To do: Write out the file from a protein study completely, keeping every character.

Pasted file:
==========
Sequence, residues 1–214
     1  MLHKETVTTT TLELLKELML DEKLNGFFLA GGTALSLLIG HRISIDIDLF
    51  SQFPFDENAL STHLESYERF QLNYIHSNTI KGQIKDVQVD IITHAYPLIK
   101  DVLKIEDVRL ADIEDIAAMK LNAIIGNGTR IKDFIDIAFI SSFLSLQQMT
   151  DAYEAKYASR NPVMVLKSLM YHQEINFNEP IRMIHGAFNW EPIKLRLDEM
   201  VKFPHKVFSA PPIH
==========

Sequence, residues 1–214
     1  MLHKETVTTT TLELLKELML DEKLNGFFLA GGTALSLLIG HRISIDIDLF
    51  SQFPFDENAL STHLESYERF QLNYIHSNTI KGQIKDVQVD IITHAYPLIK
   101  DVLKIEDVRL ADIEDIAAMK LNAIIGNGTR IKDFIDIAFI SSFLSLQQMT
   151  DAYEAKYASR NPVMVLKSLM YHQEINFNEP IRMIHGAFNW EPIKLRLDEM
   201  VKFPHKVFSA PPIH